5. When you have stitched all the way around, take the thread and gently pull so that the fabric gathers and the hole closes. 

6. Tie both ends of thread together, then flatten out your yoyo.

And you’re done! You can do different sized yoyos and stack them (just stitch through the middle to keep them together), or stitch a button to the top to make a little flower like I did with this one. 

What is a Pram Snuggle?

I have had a lot of new fans on my facebook page lately, so just thought I’d explain a bit about my business. I started making Pram Snuggles after talking to a friend about the trouble of keeping babies wrapped nice and warm while in a pram. I then made up a trial blanket, changed it a bit, tried out some different fabrics, and the Pram Snuggle was born! A Pram Snuggle is a specially shaped, very warm and snuggly pram blanket with universal harness holes that will fit any three or five point harness system in any pram, car seat or bouncer. Having harness holes means baby can be snugly wrapped while safely secured.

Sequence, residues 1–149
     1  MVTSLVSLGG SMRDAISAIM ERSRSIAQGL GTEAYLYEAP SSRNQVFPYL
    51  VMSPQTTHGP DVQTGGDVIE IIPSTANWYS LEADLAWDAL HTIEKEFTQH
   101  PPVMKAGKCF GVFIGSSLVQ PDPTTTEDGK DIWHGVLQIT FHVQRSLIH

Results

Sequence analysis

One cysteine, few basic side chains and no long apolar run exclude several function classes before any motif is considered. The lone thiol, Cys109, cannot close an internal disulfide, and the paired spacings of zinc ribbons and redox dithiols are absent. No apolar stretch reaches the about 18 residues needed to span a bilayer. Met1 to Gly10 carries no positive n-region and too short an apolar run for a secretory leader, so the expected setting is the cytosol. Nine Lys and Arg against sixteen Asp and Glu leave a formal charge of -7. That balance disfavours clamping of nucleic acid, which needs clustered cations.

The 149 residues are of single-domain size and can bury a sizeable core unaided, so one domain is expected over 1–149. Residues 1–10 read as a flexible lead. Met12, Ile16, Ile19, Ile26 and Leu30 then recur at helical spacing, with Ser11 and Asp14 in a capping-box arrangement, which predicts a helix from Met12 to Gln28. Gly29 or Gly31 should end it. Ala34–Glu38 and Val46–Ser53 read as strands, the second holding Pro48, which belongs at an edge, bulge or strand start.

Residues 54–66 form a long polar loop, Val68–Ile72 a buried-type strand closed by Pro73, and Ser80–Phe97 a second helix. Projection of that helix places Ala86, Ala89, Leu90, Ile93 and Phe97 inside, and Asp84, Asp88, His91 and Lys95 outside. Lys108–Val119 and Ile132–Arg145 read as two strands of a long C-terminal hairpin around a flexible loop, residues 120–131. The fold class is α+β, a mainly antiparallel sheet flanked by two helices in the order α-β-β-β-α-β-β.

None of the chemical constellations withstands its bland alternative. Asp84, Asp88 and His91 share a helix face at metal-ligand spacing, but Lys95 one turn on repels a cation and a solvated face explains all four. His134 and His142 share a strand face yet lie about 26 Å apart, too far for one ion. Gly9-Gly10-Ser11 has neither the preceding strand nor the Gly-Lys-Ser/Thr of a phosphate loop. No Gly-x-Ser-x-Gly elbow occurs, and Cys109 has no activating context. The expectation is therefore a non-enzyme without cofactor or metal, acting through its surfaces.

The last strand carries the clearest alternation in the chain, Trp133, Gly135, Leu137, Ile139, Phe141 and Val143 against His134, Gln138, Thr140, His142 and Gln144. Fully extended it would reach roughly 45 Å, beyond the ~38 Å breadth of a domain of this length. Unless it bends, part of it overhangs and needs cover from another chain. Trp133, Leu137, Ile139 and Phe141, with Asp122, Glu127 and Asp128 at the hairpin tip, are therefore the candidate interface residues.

Pram Snuggles are simple to use!
1. Undo the velcro tabs and place your Pram Snuggle in a pram, car seat or bouncer
2. Pull the harness straps through the holes, secure velcro tabs
3. Place baby in as normal, wrap side wings around baby, then bring the bottom part up and tuck into sides around your baby and under their bottom.
A Pram Snuggle is just like a blanket, so it will be held in place by tucking it in around and under your bub, but unlike a blanket, it won’t fall out of the pram.
The total length is approx 120cm. It is 60cm from the centre harness (the buckle that comes up between the legs) to the end of the blanket, this part folds up and tucks under bubs bottom so that their weight secures it, so the bottom part (from seat to feet) will be about 35cm when folded up.
Pram Snuggles are hand made so care should be taken with them. They can be cold gentle machine washed.